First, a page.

Diabetes – What is Diabetes?
Diabetes is a serious illness that affects millions of people each year. It is caused when your body isn’t producing enough insulin, or it’s not able to use the insulin it does produce effectively.
Diet, exercise and medication can help to prevent or delay the development of the disease. It is also essential to recognize the signs so you can determine if there is a problem and seek treatment.
What is diabetes?
Diabetes is a chronic health problem (long-lasting), which affects the way your body converts food into energy. It occurs when your pancreas does not produce enough insulin or is unable to properly use it.
Insulin is the hormone that helps your body to absorb and utilize glucose, also referred to as sugar. Type 2 diabetics don’t produce enough insulin, or their bodies aren’t able to utilize it effectively.
The blood sugar levels increase with time in both forms of diabetes. This can cause problems with your feet, eyes, and kidneys. It could also harm the heart and brain arteries as well as your brain.
Type 1 diabetes
Type 1 diabetes is an autoimmune condition in which your body’s immune system attacks and destroys insulin-producing cells in the pancreas. The destruction can take place over many years or months until it eventually leads to the total absence of insulin.
People suffering from type 1 diabetes require insulin every day. They also need to monitor their blood sugar levels and adjust their food, insulin and activity levels to keep their blood sugar within the healthy range.
Type 2 diabetes
If you have type 2 the body isn’t making the insulin it needs to. Insulin is a hormone which helps your cells take blood sugar (glucose) out of your blood and into your cells where it can be used to create energy.
Type 2 diabetics have to exercise and adhere to a healthy diet. They may also need to take medications to control their blood sugar levels.
Diabetes in women symptoms
It is a chronic illness that affects people from all races, ethnicities, and genders. Women are more susceptible than men.
Women with diabetes have a greater chance of developing complications than men, including heart disease (the most commonly reported diabetes complication) and loss of vision.
One early warning sign of diabetes in women is increased thirst and urine, a condition known as polydipsia. This is due to diabetes causing excessive sugar to accumulate in the blood and the kidneys aren’t able eliminate it effectively.
Men with diabetes The signs and symptoms
Diabetes is a disease in which cells are not able to use glucose (blood sugar) to generate energy. This is typically because the pancreas is producing too little insulin.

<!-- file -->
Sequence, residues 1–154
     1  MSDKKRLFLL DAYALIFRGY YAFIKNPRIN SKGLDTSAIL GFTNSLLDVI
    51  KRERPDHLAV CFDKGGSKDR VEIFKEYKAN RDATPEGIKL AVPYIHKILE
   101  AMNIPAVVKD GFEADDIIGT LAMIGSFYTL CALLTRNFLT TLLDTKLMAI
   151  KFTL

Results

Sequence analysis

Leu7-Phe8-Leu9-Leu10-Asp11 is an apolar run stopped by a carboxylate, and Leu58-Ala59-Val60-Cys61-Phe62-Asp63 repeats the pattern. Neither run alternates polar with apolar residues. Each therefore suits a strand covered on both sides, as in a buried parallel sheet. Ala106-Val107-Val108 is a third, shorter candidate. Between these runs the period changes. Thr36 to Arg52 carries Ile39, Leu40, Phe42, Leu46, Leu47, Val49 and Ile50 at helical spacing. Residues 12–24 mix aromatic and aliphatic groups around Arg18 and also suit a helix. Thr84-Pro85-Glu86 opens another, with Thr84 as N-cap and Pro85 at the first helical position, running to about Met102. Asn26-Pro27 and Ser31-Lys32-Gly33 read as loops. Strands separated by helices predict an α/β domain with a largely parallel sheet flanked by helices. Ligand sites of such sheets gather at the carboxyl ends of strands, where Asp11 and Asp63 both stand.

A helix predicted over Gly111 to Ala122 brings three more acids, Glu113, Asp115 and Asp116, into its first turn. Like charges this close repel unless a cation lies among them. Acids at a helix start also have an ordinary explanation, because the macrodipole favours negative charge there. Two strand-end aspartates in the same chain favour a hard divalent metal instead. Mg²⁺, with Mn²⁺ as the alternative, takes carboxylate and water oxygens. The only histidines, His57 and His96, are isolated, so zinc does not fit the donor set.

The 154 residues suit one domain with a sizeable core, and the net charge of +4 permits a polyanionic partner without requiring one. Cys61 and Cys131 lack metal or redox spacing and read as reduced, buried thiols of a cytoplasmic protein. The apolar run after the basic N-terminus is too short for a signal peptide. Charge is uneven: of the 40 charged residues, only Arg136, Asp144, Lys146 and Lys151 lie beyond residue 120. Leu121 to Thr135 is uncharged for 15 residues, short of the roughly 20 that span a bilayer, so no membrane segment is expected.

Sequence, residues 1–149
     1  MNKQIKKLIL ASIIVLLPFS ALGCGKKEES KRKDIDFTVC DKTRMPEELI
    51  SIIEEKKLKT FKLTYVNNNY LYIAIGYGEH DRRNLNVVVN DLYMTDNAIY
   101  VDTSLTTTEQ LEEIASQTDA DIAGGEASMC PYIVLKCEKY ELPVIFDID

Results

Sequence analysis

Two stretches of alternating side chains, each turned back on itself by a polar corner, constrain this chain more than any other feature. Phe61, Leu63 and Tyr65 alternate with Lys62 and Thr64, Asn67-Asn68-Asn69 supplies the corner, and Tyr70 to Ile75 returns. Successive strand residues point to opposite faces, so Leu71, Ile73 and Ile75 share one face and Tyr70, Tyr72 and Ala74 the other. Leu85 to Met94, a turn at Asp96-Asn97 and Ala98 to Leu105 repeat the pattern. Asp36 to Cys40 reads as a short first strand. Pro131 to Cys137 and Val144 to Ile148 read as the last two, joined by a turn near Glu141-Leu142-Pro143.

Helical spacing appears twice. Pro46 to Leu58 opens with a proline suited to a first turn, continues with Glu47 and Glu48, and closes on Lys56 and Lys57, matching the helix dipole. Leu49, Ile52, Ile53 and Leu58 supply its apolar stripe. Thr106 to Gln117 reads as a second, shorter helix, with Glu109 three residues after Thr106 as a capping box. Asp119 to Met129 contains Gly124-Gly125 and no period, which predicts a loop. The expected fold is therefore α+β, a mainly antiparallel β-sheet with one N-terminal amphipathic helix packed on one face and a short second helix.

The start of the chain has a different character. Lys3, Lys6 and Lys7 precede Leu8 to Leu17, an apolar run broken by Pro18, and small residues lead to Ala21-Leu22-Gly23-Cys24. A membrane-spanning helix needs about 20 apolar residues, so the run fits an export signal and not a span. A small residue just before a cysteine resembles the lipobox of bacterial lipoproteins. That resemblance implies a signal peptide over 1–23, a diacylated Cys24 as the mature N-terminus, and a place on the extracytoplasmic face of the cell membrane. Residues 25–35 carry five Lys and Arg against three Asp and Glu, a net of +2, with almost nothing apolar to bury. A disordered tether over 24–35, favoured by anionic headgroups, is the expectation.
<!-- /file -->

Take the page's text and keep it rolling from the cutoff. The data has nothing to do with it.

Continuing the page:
This leads to high blood sugar levels. Your body then tries to reduce these levels by flushing the excess glucose out of your bloodstream via urine.
People who have diabetes often have a thirsty feeling and must drink large quantities of fluids, up to four liters daily.
Men may be able to experience weight loss too as their bodies break down muscle for energy instead of fat. This is because their blood sugar levels remain high for extended periods.
A healthy diet with a low-carbohydrate diet is an important aspect of managing the condition. It can help you manage your blood sugar levels, manage your weight and reduce the risk of heart disease by reducing risk factors.
Your diet should consist of plenty of whole foods, such as fruits, whole grains, vegetables beans, and low-fat dairy. It should be free of saturated (unhealthy) fat and added sugars.
You might also be able to reduce the amount of drinks that contain sugar you consume. These drinks are usually packed with sugar and can cause blood sugar levels to rise.
Your doctor may prescribe diabetes medications to keep your blood sugar (glucose) levels within a normal range. These medications are typically paired with lifestyle changes, such as exercising and diet to help control your diabetes.
If your blood sugar levels aren’t being well managed on one medication then a second medication could be added. Your doctor will help you determine the most appropriate medicine to meet your needs and preferences.
Newer drugs like glucagonlike receptor agonists, peptide-1, and sodium-glucose COtransporter-2 inhibitors decrease blood sugar levels, have kidney and cardiovascular benefits, and lower the risk of complications. They can also be beneficial for weight loss and are available in injectable and tablet forms.